Bihar to name convicts on govt websitehttps://indianexpress.com/article/india/india-news-india/bihar-to-name-convicts-on-govt-website-2759787/

Bihar to name convicts on govt website

According to the last updated list with data till February 8 this year, names and case details of 21,057 convicted criminals had been put on the Bihar home department’s website.

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Representative image (Source: Thomas Hawk/Flickr)

A convict in a civil or criminal case will no longer be able to avail benefits of government contracts and sundry welfare schemes. The Bihar home department has put in place the system of posting online details of people who have been convicted and whose appeals have been rejected by appellate courts. This, however, will not be applicable to undertrials.

Though the “civil consequences of crime” scheme was launched during the tenure of former DGP Abhayanand in 2013, it was put on the backburner over the last two years. But the home department last week wrote to all principal secretaries, commissioners, inspector generals of police, DMs and SPs to update the list on the home department website.

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According to the last updated list with data till February 8 this year, names and case details of 21,057 convicted criminals had been put on the Bihar home department’s website. With most convicts lodged in Central Jails, the chart was dominated by the Patna, Bhagalpur and Gaya jails.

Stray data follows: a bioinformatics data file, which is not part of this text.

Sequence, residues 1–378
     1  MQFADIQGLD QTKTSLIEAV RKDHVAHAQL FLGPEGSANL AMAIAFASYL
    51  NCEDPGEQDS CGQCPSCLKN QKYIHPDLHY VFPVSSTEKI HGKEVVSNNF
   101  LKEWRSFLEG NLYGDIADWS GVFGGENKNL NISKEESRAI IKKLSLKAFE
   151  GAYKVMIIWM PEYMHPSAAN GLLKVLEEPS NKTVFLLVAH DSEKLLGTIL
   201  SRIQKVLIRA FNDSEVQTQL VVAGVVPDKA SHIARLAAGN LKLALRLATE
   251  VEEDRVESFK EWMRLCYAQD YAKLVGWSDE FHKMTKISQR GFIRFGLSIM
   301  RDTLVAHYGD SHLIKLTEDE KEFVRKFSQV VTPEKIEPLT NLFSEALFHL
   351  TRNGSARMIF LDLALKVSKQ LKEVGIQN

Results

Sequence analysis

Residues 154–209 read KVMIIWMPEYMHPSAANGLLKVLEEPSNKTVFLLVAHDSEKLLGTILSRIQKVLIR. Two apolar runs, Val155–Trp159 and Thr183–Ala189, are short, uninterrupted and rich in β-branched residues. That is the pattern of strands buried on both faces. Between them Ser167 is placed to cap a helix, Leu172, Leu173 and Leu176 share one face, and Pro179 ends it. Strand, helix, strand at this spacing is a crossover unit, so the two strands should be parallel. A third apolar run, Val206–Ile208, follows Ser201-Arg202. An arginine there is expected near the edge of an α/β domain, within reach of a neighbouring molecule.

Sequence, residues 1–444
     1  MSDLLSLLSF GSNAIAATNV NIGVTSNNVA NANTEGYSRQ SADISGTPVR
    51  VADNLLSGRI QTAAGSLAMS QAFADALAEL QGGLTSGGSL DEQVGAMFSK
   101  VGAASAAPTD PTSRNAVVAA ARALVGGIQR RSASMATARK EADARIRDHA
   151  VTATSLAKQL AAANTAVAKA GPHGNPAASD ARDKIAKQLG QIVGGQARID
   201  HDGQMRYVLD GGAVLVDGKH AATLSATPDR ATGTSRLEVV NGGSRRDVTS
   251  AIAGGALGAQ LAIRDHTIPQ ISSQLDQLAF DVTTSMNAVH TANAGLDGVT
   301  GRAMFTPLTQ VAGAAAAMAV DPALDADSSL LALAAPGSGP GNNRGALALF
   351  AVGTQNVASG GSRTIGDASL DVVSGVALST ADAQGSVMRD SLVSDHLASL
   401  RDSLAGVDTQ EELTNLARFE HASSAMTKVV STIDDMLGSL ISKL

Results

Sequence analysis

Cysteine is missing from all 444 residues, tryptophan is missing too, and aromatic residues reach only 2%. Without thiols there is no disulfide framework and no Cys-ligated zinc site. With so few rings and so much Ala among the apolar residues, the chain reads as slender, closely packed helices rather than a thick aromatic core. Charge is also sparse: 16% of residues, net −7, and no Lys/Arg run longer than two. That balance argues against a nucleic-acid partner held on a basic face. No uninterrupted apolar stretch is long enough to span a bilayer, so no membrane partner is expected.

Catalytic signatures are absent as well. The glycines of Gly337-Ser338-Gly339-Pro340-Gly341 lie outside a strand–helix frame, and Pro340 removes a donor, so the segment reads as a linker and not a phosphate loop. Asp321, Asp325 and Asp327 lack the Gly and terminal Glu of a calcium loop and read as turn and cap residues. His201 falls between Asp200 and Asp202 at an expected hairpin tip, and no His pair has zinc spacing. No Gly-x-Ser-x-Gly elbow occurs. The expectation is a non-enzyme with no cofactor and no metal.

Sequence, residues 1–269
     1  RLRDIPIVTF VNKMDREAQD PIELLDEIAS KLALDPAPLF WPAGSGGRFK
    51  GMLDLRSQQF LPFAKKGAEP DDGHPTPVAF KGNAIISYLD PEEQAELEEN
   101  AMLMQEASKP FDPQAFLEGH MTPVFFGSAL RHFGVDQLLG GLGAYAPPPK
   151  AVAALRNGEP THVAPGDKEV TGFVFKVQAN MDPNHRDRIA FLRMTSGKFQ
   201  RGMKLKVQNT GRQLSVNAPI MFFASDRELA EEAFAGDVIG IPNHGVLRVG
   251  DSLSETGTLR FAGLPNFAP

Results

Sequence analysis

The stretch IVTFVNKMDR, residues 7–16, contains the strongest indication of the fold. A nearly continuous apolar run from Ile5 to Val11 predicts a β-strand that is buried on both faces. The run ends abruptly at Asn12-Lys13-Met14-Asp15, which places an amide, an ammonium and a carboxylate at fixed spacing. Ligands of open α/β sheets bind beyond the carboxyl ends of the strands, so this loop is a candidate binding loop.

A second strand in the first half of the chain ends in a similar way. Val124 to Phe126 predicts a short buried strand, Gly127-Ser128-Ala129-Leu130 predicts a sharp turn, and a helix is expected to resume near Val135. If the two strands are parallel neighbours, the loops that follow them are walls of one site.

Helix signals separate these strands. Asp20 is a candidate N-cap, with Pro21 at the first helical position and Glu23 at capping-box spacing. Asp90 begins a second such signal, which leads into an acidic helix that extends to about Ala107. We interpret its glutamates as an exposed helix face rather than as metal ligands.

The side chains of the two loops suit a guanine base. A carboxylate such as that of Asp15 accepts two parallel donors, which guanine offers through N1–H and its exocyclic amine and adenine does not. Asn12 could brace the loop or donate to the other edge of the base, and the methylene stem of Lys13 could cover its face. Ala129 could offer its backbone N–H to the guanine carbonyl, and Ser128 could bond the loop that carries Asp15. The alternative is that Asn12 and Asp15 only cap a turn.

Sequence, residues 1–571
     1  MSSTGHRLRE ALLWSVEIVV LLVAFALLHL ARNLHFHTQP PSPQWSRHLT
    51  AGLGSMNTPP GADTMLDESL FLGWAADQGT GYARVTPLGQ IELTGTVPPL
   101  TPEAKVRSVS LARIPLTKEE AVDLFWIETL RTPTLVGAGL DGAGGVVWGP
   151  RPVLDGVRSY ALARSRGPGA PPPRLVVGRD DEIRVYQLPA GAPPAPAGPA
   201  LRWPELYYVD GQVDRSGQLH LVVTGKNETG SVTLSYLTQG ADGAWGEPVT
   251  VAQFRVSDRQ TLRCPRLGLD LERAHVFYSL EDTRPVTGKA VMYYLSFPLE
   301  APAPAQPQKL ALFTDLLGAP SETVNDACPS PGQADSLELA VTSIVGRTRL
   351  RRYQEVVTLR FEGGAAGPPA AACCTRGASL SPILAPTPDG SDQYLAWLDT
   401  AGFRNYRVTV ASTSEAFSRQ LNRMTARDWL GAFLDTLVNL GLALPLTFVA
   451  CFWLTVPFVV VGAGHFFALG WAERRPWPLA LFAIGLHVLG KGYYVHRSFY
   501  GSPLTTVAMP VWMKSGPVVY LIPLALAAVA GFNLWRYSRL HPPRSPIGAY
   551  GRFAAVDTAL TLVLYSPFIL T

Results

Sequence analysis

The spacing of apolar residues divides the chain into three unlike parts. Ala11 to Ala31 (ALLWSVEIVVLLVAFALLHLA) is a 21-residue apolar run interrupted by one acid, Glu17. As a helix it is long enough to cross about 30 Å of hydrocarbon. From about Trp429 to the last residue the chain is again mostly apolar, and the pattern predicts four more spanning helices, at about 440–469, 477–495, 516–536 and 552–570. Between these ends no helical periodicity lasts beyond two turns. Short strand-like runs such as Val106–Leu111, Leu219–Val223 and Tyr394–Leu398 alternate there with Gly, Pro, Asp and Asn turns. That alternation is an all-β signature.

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The idea, sources said, was to create a ready reference for government authorities scrutinising applications for bank loan, arms and PDS shop licence or for any government service. While a provision for declaring such details exists already, criminals are known to hide them from authorities.

In his letter to all top government officials last week, Home Department Special Secretary Jitendra Kumar said: “In line with establishing rule of law with moves such as speedy trials, speedy disposals and civil consequences of crime, the names of convicted people have to be updated. These people often get government benefits which otherwise could be denied if details of convicts are made available. The details include dates of entry and release of a convict with date of his conviction.”

Former DGP Abhayanand, who had launched the scheme, said: “While countries such as the USA have each and every centralised detail of their citizens, including a minor violation such as not returning a book from library, we are in process of developing a digital system. The idea behind civil consequences of crime was to serve a further reminder to convicts about their deeds”.

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